Housing Commission Blog

It is possible to inject greater flexibility into the underwriting process without necessarily increasing the risk of default
Apr. 24, 2014

Long-term housing finance reform is essential for removing the uncertainty surrounding mortgage finance. In addition, there are a number of immediate challenges for homebuyers trying to finance a house. Most importantly, it is far too difficult for many qualified people to obtain a mortgage.  

The plan builds on the work of Senators Bob Corker (R-TN) and Mark Warner (D-VA), who helped renew congressional interest in reform last year
Apr. 23, 2014

Achieving housing finance reform received a major boost when Senate Banking Committee Chairman Tim Johnson (D-SD) and ranking member Mike Crapo (R-ID) recently unveiled their long-awaited reform proposal.  

CBO and OMB have widely different perspectives on the appropriate budgetary treatment of the GSEs
Mar. 21, 2014

BPC’s forum on the “Implications of GSE Reform for the Federal Budget and National Debt” provided a primer on how the federal government currently accounts for the conservatorship of Fannie Mae and Freddie Mac and the budgetary impact of proposals to wind down the two institutions.

Increasingly, investor demands on expiring tax credit partnerships threaten the long-term quality and affordability of housing credit properties
Mar. 11, 2014

Developers of affordable housing properties rely on the Low Income Housing Tax Credit to provide the equity needed to build quality housing that would otherwise be unaffordable to low-income households. 

A year after the release of the BPC Housing Commission report, Co-Chair Henry Cisneros examines priority areas
Feb. 25, 2014

Today marks the first anniversary of the release of the Commission’s report, Housing America’s Future: New Directions for National Policy. As readers of this blog know, our report highlights what we consider the most urgent housing challenges facing our country.

A farm bill provision extended the definition of what constitutes a “rural area” until the 2020 Census
Feb. 20, 2014

Buried in the nearly 950-page Agriculture Act of 2014 – more commonly known as the farm bill – is a provision that is of great importance to the thousands of families who rely on the rural housing programs of the U.S. Department of Agriculture.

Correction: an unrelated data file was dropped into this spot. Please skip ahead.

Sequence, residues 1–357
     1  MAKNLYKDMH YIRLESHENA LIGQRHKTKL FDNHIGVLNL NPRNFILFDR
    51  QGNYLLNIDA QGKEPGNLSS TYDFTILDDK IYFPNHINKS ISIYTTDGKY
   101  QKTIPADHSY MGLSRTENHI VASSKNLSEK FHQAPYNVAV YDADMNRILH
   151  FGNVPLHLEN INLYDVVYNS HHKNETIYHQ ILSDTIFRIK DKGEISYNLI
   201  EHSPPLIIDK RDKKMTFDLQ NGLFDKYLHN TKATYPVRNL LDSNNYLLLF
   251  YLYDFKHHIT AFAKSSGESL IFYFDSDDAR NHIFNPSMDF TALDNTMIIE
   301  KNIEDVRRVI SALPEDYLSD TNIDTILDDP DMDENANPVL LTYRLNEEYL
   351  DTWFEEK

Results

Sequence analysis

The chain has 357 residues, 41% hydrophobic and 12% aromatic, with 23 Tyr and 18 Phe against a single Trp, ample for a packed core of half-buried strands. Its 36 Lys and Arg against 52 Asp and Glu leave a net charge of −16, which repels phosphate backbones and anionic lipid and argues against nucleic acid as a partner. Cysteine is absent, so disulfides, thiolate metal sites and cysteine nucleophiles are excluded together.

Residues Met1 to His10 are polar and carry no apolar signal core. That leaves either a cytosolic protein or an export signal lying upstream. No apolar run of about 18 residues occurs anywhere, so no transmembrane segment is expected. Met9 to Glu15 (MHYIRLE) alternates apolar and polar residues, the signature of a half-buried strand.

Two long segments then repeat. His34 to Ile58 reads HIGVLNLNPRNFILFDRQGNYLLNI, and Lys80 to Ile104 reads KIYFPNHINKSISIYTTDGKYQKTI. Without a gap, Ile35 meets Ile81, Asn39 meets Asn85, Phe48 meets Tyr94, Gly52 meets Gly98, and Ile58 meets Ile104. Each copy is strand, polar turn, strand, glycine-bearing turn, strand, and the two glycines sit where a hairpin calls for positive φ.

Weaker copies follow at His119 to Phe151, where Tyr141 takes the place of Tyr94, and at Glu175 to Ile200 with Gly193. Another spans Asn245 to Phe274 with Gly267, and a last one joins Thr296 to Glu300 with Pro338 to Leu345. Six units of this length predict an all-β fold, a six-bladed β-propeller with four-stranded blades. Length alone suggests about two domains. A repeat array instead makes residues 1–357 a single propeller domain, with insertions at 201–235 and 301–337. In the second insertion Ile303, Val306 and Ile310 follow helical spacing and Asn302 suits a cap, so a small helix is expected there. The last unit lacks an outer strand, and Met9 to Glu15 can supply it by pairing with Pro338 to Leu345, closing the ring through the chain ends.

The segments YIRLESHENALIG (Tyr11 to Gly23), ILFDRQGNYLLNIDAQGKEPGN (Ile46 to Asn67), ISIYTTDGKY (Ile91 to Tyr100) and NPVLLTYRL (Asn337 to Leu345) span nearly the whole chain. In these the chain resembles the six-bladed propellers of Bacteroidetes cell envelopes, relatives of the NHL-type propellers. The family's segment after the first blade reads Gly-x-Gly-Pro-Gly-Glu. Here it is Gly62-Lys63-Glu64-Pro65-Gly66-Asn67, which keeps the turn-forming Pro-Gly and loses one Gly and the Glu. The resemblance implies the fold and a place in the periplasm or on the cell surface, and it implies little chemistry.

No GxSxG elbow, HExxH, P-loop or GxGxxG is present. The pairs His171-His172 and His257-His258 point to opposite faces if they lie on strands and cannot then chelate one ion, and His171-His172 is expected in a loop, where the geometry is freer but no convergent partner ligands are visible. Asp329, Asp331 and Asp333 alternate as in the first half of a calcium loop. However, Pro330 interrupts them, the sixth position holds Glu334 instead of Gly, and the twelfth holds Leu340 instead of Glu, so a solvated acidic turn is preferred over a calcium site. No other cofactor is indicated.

Feb. 10, 2014

The BPC Economic Policy Program hosted a panel discussion on Thursday, January 30 with three prominent economists who shared predictions on the state of the U.S. housing market in 2014. Richard Smith, BPC Housing Commissioner and CEO of Realogy Holdings Corp., moderated the forum.

Feb. 4, 2014

What are the most promising opportunities to promote greater residential energy efficiency? Is there a role for the federal government?

State and Federal Efforts Working Together to Improve Energy Efficiency Investment
By Todd Nedwick

There is growing awareness about the role of energy efficiency investments in fighting poverty. Reducing energy consumption in low-income housing not only lowers utility bills, but helps extend the life of the property by freeing up capital that can be used to address maintenance repair needs or make necessary improvements. Energy efficiency investments also create healthier living environments, which can lower the incidence of asthma, and other ailments that keep children home from school or adults from their jobs.

In 2012, the number of households spending more than 30 percent of their income on rent set a new record
Feb. 3, 2014

Our country is in the midst of a rental affordability crisis that is having a devastating impact on our nation’s most vulnerable families. Many of these families are forced to make the difficult choice of spending less on health care, food, and other basic necessities just to cover their housing costs. With rental demand expected to be strong throughout the remainder of the decade, rents are likely to rise even higher, exacerbating an already difficult, if not impossible, situation.

Boosting energy efficiency can improve our quality of life, reduce household costs, and enhance our nation’s energy security
Jan. 10, 2014

It may be hard to believe, but the greenhouse gas emissions of a typical home are double that of the average vehicle. In fact, the energy use associated with our homes accounts for some 21 percent of our nation’s overall energy consumption. That’s why a commitment to improving energy efficiency in housing must be a continued focus of our nation’s policymakers, particularly as the housing market begins to recover.

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